Boneshaker

By Cherie Priest,

Book cover of Boneshaker: A Novel of the Clockwork Century

Briar Wilkes will brave the warrens of a steampunk Seattle in order to find her runaway son. Twisting passages are full of the undead animated by a mysterious gas liberated by a drilling machine created by her deceased husband. But Seattle is a city that doesn't give up its secrets or those who venture within easily. 


Who am I?

I find joy in niches and steampunk is not cut from the ordinary cloth. I was originally challenged to produce a story that incorporated magic into steampunk. The resulting character, Kassandra Leyden who can speak to the dead, brought to life an alternate history where a deadly plague made the British Empire emigrate to the Americas and begin anew. The style and fashion of steampunk in modifying the ordinary appeals to the maker in me. I am an avid renfaire attendee and create and sell garb, which now includes steampunk elements. I hope you enjoy these choices and discover what steampunk has to offer as a genre. 


I wrote...

Spirit Seeker: The Kassandra Leyden Adventures

By Jeff Young,

Book cover of Spirit Seeker: The Kassandra Leyden Adventures

What is my book about?

Kassandra Leyden was the daughter of extraordinary parents. Her father, a well-known adventurer until his wife vanished without a trace, now drinks his life away, while his daughter grows up. But the abilities that made her mother so valuable to the government of New Britain are the inheritance Kassandra never expected. Only a rare few can hear past the walls that separate the living from those who have passed on. Together with unlikely allies, Kassandra will defend both the living and the departed against exploiters of spirits, makers of killer automatons, megalomaniacal bomb builders, and more.

Something Worth Doing

By Jane Kirkpatrick,

Book cover of Something Worth Doing: A Novel of an Early Suffragist

Jane Kirkpatrick, a New York Times bestselling writer of over 35 books, specializes in fictionalizing true stories of prominent women in history who are often unknown to today’s readers. Something Worth Doing, a historical novel, brings to life the story of Abigail Scott Duniway, an early suffragist and pioneer in the 19th century Pacific Northwest. As a married woman and mother of eight living children, Kirkpatrick weaves together Dunn's challenges as a newspaper publisher, primary breadwinner, and national speaker fighting for the rights of women and the vote.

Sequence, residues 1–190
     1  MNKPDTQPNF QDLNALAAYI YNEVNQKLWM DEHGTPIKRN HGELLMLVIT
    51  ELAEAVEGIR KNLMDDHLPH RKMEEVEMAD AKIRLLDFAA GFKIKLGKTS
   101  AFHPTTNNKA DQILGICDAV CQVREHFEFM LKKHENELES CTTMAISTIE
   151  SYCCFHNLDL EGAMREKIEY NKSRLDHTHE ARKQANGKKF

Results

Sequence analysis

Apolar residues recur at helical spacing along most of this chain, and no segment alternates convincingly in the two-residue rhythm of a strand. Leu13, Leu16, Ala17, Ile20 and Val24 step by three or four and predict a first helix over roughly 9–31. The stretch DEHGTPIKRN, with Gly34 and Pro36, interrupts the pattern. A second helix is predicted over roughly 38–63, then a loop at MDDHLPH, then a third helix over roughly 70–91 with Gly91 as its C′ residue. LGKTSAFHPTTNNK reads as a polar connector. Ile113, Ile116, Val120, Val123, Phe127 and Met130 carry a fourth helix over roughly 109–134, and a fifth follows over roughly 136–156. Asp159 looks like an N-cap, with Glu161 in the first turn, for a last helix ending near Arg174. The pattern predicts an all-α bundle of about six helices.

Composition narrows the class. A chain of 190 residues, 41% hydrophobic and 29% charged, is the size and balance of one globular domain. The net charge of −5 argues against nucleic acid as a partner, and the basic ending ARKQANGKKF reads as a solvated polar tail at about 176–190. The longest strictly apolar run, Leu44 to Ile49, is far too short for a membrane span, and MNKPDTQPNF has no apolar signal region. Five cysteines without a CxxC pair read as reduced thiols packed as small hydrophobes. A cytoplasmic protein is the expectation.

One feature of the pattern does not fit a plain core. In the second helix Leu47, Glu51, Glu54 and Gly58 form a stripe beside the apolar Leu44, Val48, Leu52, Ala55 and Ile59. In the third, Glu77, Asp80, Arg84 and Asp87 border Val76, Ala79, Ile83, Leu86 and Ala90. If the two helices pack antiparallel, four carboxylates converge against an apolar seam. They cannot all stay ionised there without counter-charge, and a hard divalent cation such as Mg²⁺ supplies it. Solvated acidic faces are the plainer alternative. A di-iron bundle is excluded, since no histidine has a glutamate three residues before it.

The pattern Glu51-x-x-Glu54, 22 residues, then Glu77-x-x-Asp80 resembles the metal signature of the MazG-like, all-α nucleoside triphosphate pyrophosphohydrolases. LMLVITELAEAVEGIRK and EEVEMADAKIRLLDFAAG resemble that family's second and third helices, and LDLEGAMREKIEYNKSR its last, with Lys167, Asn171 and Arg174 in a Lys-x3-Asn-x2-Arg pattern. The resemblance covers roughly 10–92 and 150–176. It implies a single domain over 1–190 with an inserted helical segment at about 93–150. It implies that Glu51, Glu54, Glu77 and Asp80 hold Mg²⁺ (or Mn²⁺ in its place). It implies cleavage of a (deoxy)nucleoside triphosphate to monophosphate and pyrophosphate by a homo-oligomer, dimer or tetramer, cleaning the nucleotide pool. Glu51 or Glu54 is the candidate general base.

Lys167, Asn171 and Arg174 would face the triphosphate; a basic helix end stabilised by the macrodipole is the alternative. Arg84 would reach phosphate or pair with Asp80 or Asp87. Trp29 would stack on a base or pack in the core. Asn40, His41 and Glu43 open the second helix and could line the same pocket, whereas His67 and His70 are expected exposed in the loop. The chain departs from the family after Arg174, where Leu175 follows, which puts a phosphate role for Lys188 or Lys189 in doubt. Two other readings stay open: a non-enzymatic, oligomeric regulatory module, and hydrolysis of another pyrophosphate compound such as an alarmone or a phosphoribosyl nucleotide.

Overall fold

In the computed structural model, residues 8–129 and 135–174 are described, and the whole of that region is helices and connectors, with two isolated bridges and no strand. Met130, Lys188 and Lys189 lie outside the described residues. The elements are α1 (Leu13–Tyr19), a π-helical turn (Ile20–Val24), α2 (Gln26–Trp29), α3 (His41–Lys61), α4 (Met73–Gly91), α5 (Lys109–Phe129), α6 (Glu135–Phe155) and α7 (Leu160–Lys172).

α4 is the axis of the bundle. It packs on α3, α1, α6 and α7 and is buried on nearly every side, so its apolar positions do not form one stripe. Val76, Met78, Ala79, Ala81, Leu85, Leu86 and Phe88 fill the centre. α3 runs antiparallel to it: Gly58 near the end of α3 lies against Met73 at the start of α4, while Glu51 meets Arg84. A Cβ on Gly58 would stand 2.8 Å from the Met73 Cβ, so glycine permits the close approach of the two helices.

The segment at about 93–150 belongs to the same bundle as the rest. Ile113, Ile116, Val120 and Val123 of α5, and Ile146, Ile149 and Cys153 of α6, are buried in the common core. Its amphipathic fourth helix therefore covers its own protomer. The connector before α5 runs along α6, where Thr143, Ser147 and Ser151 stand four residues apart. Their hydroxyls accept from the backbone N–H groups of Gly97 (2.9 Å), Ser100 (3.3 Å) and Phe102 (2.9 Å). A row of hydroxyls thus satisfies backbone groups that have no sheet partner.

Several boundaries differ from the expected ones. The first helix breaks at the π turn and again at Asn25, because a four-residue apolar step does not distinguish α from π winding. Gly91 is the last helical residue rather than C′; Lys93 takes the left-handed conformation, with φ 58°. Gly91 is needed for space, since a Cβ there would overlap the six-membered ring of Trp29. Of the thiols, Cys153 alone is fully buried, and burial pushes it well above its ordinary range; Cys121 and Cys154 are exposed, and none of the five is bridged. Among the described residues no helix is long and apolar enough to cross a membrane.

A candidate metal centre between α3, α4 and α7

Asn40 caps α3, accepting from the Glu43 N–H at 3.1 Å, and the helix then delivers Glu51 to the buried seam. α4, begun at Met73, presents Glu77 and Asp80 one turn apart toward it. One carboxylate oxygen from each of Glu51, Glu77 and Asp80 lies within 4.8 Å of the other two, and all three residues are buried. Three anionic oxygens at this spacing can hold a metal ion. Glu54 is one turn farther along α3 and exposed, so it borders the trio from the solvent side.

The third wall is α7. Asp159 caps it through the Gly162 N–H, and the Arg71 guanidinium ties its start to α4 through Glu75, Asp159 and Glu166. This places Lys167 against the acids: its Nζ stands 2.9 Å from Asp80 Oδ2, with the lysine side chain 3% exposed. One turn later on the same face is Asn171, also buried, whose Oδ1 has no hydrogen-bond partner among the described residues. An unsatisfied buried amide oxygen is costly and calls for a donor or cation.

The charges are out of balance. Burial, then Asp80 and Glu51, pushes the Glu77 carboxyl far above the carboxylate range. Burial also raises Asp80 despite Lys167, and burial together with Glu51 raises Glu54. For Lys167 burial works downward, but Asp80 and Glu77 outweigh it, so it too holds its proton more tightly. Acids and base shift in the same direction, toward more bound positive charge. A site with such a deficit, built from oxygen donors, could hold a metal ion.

Kirkpatrick, a psychologist, illustrates the universal pulls between career and family in a male-dominated sphere. One of my favorite genres is historical fiction and Kirkpatrick backs her novels with significant historical research.  


Who am I?

While a history student at the University of Washington I became aware that courses never included more than a paragraph on the important contributions of women, such as Eleanor Roosevelt or Jane Addams. I longed to know more. What gave some women motivation to defy conventions and use their talents?  When I first learned that Helga Estby’s audacious achievement was silenced for over 100 years, it launched me into over 15 years of research trying to recover this forgotten woman’s story.  As a writing professor for twenty years, I saw how assigning papers that led to exploring and understanding the women in one’s family background deeply enriched college students' lives.


I wrote...

Bold Spirit: Helga Estby's Forgotten Walk Across Victorian America

By Linda Lawrence Hunt,

Book cover of Bold Spirit: Helga Estby's Forgotten Walk Across Victorian America

What is my book about?

Defying all assumptions about women in 1896, a determined and desperate eight living children, Helga Estby and her daughter Clara dared to walk over 3500 miles on a $10,000 wager trying to save her family farm. Using their wits and a Smith and Wesson, they battled snowstorms, hunger, mountain lions, and the occasional thief walking from Spokane, Washington to New York City.

Accomplishing what was once deemed impossible, they arrived in New York heralded by the city’s newspapers for their astonishing achievement. But their triumph was quickly complicated by deep disappointment, betrayal, and heartbreaking news from home, all of which combined to silence their remarkable story among their family and friends for generations. A favorite with book clubs and winner of several literary awards.